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A sudden and devastating fire in a fourteen-storey residential complex in València, which has caused nine deaths and left over 100 families without a place to live. It did not take long before several experts asserted that the construction material used in the building's facades could have been one of the main reasons for the rapid spread of the flames.

A common material in many buildings in the neighbourhood

The rapid spread of the fire in the building could be explained by the polyurethane foam built into its cladding. According to the vice-president of the College of Industrial Technical Engineers of Valencia, Esther Puchades, the building was covered with this flammable material. In fact, it was similar to that used in the cladding of London's Grenfell Tower hi-rise, which burnt down in 2017 with a loss of 72 lives. "This is what caused the building to burn down in less than half an hour", said Puchades in statements to the television channel À Punt.

Esther Puchades knows the specific case of this building very well, as she was the engineering expert consulted during its construction. As she explained, behind the aluminium finish of the panels on the exterior of the building was a polyurethane foam filling, a material common to many of the buildings in the neighbourhood. The tragedy in the British building, already seven years ago, prompted reviews and changes in building regulations, and the start of a process of re-cladding for hundreds of affected buildings. She says that the fire in this building with a ventilated facade and polyurethane cladding will create "a before and an after" in Spain, where no similar disaster had occurred until now, despite the fires in hi-rise buildings in London and China. According to Puchades, the use of polyurethane is not prohibited in construction, but given the virulence of this fire, its use could be reconsidered.

"Modern facilities"

In a promotional video by Fbex, the construction developer, the apartment block in Avinguda Mestre Rodrigo is presented as an "avant-garde and unique" complex, with "facades covered with an innovative aluminum material such as Alucobond" and the "highest quality in construction materials with modern facilities, finishes and equipment". Alucobond is the trademark for this type of cladding, known in Spain as aluminum sandwich panels, and consisting of panels with an outer aluminum cover and an inner polymer filling. Depending on the quality and cost of this material, it may or may not incorporate a fire retardant layer.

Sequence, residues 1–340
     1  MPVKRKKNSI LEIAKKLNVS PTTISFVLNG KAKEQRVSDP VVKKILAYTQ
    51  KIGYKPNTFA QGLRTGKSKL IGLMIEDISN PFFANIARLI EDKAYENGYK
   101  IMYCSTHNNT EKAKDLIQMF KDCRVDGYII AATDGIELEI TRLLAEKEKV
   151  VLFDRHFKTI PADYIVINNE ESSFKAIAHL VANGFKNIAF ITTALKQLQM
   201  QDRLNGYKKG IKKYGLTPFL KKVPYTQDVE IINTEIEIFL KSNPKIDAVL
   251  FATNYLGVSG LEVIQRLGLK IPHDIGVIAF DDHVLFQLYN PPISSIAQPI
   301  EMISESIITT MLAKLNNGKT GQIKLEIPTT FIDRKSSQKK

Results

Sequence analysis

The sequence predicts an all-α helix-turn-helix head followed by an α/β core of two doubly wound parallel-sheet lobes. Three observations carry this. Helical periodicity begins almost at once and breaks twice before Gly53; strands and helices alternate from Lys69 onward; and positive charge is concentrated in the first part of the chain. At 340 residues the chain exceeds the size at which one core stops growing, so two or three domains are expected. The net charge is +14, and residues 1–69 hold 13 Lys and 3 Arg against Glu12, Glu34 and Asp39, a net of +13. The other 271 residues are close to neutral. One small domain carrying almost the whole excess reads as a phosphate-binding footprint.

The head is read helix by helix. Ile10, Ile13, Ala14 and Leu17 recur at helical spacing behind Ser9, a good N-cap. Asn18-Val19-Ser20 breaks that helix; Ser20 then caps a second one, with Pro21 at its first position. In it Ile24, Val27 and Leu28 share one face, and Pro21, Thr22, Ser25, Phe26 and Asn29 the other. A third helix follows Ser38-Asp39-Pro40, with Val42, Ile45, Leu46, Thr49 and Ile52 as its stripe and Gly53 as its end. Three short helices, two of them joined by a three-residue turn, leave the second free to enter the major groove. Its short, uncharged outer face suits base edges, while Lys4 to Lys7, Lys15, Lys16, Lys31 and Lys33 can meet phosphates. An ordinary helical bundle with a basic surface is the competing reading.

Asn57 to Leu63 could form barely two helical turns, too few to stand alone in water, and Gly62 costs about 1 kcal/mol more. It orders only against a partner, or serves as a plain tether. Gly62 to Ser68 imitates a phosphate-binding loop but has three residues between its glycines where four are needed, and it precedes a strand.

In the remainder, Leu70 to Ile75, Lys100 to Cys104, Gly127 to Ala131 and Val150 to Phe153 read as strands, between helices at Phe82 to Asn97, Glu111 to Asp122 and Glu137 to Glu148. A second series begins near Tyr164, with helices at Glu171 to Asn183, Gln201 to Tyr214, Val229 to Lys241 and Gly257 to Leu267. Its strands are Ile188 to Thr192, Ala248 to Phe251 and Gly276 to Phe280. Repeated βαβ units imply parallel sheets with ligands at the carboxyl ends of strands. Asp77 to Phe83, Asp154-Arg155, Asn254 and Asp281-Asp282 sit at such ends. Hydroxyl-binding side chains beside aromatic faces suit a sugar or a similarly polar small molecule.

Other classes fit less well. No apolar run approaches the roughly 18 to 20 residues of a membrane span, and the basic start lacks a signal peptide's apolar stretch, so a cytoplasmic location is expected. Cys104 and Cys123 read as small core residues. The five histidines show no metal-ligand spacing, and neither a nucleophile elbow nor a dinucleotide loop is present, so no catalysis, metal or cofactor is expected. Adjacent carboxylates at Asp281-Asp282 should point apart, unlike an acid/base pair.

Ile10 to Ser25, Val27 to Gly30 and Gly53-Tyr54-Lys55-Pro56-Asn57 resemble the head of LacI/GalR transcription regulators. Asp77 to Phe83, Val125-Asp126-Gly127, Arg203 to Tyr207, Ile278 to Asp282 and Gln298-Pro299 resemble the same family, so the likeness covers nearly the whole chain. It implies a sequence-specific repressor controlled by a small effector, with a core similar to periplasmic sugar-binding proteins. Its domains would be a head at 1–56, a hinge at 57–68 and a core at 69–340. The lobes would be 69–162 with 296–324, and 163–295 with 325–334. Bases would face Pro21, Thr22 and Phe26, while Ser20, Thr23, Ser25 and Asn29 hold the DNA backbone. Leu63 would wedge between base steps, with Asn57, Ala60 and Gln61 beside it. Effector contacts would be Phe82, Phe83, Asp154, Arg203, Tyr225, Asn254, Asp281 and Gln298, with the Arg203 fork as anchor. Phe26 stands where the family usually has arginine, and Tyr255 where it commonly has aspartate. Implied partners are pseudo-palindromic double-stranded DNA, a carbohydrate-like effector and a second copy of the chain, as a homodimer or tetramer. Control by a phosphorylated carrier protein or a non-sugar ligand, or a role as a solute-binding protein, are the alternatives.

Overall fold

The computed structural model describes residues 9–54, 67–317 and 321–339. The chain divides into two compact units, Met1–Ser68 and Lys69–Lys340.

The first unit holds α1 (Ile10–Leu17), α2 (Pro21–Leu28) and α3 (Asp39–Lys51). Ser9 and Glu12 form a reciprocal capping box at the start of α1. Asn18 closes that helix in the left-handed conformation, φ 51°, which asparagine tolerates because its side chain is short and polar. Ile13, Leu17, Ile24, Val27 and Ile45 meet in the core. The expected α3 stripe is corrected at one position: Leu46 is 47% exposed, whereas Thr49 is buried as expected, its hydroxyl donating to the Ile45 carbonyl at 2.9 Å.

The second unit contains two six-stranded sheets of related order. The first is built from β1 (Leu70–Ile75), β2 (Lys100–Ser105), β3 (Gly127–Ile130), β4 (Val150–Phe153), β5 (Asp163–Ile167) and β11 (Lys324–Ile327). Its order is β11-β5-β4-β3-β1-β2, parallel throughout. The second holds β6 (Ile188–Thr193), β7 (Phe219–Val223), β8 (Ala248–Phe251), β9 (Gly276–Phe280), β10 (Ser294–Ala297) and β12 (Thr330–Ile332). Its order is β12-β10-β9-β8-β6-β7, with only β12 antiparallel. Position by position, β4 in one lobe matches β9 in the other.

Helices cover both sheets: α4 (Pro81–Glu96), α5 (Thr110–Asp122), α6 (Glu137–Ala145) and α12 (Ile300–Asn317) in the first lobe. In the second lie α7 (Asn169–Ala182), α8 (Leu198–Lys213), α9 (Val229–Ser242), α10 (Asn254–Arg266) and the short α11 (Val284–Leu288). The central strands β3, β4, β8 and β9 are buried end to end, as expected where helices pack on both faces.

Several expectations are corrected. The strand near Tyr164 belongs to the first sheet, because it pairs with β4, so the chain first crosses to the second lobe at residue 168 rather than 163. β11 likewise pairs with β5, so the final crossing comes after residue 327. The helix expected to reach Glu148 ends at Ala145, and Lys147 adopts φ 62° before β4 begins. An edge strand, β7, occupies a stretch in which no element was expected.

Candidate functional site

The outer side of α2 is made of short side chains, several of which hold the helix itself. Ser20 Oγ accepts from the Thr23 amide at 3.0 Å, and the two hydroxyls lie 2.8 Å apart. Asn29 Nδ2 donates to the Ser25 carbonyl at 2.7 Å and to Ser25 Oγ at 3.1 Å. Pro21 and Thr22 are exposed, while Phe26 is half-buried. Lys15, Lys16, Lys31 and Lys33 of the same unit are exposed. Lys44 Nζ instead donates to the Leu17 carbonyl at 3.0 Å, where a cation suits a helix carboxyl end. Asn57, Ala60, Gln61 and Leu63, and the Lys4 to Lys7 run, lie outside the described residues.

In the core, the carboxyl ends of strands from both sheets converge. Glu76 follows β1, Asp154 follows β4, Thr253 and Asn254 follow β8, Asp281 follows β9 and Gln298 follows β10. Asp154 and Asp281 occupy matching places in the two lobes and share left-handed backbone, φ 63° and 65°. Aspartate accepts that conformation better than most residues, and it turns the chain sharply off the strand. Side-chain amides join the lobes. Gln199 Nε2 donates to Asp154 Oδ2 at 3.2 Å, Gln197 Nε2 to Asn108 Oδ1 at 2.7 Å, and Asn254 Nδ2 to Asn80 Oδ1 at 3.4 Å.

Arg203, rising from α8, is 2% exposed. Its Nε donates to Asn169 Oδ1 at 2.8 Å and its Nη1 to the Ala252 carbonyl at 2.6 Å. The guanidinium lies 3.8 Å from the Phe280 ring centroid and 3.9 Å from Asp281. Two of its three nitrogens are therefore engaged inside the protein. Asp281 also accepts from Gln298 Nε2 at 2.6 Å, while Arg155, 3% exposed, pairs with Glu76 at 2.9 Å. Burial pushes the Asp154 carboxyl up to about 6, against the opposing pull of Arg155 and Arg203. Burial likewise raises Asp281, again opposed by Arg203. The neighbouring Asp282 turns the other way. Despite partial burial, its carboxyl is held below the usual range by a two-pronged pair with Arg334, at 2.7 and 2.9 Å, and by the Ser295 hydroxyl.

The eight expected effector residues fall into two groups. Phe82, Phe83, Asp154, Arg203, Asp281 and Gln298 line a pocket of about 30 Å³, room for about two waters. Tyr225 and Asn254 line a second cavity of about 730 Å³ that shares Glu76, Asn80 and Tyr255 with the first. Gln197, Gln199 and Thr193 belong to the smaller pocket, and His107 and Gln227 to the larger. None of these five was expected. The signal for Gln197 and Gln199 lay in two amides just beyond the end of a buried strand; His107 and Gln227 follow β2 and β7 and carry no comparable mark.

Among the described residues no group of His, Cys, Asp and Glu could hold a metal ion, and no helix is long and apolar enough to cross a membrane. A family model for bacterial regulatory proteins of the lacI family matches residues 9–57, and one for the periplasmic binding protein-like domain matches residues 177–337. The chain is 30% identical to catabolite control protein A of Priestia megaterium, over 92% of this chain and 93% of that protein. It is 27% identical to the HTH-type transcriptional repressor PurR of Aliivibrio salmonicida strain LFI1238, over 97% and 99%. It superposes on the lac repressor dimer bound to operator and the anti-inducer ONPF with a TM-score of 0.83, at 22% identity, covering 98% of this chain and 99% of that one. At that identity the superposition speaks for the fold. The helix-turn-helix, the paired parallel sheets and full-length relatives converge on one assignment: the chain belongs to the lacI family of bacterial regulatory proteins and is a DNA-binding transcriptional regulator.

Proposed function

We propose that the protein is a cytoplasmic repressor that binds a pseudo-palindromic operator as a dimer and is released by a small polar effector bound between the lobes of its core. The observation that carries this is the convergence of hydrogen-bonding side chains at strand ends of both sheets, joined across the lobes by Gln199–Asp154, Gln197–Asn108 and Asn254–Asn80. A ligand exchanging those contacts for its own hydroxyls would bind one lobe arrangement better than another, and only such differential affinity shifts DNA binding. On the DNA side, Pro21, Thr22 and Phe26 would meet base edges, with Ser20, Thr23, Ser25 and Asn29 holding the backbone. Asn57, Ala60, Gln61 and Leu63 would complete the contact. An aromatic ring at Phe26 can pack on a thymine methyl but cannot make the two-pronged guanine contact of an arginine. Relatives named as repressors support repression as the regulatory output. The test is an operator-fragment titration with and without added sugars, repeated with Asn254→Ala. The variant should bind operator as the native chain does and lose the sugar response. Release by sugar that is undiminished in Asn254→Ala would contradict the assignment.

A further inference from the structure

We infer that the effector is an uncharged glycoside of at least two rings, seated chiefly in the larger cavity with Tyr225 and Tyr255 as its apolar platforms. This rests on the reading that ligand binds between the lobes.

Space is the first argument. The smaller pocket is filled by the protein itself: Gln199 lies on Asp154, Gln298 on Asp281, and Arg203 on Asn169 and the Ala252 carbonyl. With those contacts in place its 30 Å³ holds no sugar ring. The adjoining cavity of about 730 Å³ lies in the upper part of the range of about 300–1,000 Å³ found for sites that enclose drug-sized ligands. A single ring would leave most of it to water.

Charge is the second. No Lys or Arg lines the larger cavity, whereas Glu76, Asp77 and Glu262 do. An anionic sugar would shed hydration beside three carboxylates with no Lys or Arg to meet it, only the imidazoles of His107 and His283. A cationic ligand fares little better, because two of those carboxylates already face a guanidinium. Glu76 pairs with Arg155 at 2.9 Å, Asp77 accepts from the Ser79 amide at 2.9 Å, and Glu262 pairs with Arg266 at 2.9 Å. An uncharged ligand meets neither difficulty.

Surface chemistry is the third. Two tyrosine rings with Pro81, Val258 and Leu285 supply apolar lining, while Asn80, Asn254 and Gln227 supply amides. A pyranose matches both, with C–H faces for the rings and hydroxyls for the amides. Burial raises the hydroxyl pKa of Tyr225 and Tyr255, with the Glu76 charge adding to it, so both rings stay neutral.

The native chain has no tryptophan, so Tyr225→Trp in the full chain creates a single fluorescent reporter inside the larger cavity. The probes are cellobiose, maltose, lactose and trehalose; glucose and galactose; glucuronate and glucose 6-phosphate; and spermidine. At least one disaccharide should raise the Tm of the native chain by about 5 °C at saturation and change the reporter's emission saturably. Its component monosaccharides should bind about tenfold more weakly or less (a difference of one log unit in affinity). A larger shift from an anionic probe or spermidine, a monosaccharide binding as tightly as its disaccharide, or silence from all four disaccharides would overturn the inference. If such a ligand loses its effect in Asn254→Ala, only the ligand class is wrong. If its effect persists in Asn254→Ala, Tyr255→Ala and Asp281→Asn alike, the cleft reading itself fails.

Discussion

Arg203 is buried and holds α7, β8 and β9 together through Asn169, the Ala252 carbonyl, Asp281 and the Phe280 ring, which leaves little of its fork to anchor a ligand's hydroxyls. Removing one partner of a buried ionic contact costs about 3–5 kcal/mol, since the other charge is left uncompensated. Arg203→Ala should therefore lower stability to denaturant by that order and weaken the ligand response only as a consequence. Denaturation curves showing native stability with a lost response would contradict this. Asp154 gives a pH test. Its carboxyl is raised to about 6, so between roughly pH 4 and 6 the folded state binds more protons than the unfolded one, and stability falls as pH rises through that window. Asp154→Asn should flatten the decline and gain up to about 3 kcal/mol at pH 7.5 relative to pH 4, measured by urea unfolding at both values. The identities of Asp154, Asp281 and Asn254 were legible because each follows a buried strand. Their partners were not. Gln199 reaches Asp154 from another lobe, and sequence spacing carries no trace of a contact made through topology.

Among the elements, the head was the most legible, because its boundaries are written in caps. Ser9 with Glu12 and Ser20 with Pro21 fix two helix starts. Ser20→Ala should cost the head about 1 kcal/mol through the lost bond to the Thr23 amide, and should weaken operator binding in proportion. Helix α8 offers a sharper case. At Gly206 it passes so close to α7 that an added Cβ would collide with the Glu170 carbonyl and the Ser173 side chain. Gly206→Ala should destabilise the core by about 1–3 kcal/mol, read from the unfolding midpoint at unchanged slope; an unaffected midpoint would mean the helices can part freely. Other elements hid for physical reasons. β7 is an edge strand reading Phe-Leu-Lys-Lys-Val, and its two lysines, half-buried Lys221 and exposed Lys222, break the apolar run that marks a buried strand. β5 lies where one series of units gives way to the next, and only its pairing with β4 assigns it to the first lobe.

If it had been built with brick "it wouldn't have spread"

Antonio Hospitaler, a civil engineering professor at the Polytechnic University of Valencia, asserts that the spread of the fire across the height and breadth of the facade is "much faster than a fire in the open air" and that, if this had been built with brick and not with a combustible material, "it would not have spread". Hospitaler has specified that since 2006, Spain's Technical Building Code, with modifications that have been made, "provides for this type of situation and that the materials on the facade are not combustible, to avoid the spread of fires". "The facade has a physical property which makes flames stick to it and when they do, they rise up at full speed. The fire then spreads quickly. This caused the glass in the apartments to break and enable the fire to spread inside the homes", he emphasized. As well, technical engineer and expert in building installations, David Higuera, told El País that the rapid "horizontal" expansion of the fire caught his attention, which, as he explains, puts in evidence that there were also synthetic floors. In short, there were "extremely combustible" materials everywhere, he says, "which in my opinion should be completely banished from buildings."

Architects and builders call for caution over conclusions

The Spanish General Council of Technical Architecture (CGATE) has demanded "caution when expressing unfounded opinions" about the València fire until the results of the investigations that clarify the composition of the construction system and the causes of the accident." Voices in the building sector have also defended polyurethane foam, specifically the Rigid Polyurethane Industry Association (IPUR) and the Insulation Installers Association (AISLA). AISLA rejects "the attacks that have been made in the last few hours" against the material and claims that the building destroyed by the fire did not have insulation from this product in the ventilated facade, and that the accusations saying that it was a "fire spreading agent" were "false". Spain's National Association of Manufacturers of Insulating Materials (ANDIMAT) also urged caution when mentioning materials, products and systems used in the construction of the building, pending official reports. "There is no evidence that polyurethane was part of the facade," said the body.